All-day kindergarten is incredibly popular, as long as we can find the cash for it
The Province of Ontario has been rolling out its all-day kindergarten program for a while now—first as a pilot project, and the real deal this fall. While we’ve heard anecdotally that some teachers are stressed by the extended day, it seems to be very popular among parents desperately looking for a publicly funded babysitter new educational opportunities. According to the Globe and Mail, the surge in demand is straining school budgets:
Higher-than-expected enrolment at the first schools to offer full-day programs left the Peel District School Board, a large district that serves the suburbs west of Toronto, $1.3-million in the red, according to its calculations. The board decided recently to delay the rollout of all-day kindergarten to five schools in phase two, scheduled for next fall, unless the government picks up the tab.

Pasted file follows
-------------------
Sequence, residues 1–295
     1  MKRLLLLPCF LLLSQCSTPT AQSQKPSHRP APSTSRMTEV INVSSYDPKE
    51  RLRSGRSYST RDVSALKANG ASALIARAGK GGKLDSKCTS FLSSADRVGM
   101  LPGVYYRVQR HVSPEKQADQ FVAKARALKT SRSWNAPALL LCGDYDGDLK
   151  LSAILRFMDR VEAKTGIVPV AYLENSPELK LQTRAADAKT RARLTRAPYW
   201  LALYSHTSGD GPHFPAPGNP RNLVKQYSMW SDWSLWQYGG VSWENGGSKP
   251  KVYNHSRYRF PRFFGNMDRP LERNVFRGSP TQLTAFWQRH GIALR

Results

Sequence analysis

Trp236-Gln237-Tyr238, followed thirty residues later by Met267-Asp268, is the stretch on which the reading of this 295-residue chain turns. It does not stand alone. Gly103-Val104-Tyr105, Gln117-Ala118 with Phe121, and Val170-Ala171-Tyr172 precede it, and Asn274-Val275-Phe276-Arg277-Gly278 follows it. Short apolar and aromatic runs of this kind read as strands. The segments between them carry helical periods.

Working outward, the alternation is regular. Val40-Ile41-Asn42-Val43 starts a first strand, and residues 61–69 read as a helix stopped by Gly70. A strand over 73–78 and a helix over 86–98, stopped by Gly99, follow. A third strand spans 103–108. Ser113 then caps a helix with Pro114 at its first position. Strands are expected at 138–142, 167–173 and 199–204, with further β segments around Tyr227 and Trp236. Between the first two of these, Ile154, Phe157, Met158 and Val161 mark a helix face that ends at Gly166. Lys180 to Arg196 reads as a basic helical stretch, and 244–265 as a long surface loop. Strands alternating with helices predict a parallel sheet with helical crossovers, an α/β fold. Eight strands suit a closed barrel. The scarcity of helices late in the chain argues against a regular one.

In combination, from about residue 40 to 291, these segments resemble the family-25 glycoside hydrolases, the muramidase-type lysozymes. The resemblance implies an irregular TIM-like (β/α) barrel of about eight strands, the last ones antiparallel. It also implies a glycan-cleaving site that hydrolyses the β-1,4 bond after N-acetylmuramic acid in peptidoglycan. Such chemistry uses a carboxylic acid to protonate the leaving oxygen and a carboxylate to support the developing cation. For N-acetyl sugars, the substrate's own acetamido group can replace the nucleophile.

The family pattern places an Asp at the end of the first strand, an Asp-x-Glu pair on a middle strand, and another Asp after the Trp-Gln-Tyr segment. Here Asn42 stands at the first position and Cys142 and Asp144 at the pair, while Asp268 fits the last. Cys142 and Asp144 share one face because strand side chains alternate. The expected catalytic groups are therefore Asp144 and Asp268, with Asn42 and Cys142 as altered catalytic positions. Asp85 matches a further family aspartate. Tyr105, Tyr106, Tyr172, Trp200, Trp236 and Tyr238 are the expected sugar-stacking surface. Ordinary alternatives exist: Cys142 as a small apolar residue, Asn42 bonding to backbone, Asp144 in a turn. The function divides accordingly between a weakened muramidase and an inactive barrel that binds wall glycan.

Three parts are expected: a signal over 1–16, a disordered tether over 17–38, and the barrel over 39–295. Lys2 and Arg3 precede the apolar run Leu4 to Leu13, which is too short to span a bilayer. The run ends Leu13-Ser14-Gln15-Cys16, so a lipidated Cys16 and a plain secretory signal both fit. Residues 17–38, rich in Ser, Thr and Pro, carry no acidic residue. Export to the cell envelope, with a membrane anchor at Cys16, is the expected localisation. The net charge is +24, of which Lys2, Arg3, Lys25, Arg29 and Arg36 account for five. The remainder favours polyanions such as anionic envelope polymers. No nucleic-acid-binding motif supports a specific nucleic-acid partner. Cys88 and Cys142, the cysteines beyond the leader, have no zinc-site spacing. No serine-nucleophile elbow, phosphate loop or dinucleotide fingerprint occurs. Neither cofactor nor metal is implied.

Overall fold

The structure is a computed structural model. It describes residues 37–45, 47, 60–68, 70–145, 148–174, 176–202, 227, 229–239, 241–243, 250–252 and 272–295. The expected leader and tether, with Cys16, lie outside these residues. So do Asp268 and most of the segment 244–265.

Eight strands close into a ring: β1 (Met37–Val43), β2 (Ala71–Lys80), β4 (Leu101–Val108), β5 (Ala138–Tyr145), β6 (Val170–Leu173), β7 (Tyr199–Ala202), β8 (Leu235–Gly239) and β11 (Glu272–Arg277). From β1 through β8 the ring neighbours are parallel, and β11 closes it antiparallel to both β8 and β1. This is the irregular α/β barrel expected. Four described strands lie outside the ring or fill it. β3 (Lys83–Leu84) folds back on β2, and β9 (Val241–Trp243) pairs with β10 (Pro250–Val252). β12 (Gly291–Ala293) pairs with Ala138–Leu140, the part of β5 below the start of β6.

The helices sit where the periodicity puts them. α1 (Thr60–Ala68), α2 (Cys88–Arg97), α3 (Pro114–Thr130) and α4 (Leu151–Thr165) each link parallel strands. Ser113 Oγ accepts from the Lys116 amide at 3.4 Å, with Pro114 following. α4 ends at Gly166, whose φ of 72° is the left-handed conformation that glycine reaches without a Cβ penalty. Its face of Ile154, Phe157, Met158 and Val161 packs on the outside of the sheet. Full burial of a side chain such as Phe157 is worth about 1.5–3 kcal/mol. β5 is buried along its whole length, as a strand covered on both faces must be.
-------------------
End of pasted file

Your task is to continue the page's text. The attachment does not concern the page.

Teachers overseeing full-day classrooms “overwhelmingly see value in the program,” said Ontario English Catholic Teachers Association president James Ryan.
Apparently schools in the Peel Board are simply telling parents that there’s no room left until—maybe?—next spring. Given that all-day kindergarten is another one of those things that Dalton McGuinty would like us all to remember on October 6, 2011, the province is sure to find the money somehow, somewhere for a second phase to run as smoothly as possible. Ontario has pledged nearly a quarter-billion dollars to fund expansions of kindergarten classes, according to the Globe, and if they dug deeper, we’re sure they would find some more.
And to keep it crassly political, we do wonder what the Tories will do if the all-day kindergarten remains as popular as it appears to be now: Tim Hudak had railed against it as too expensive while the province runs a deficit. Is there an about-face coming this summer? Silence? Or will Hudak stick to his guns?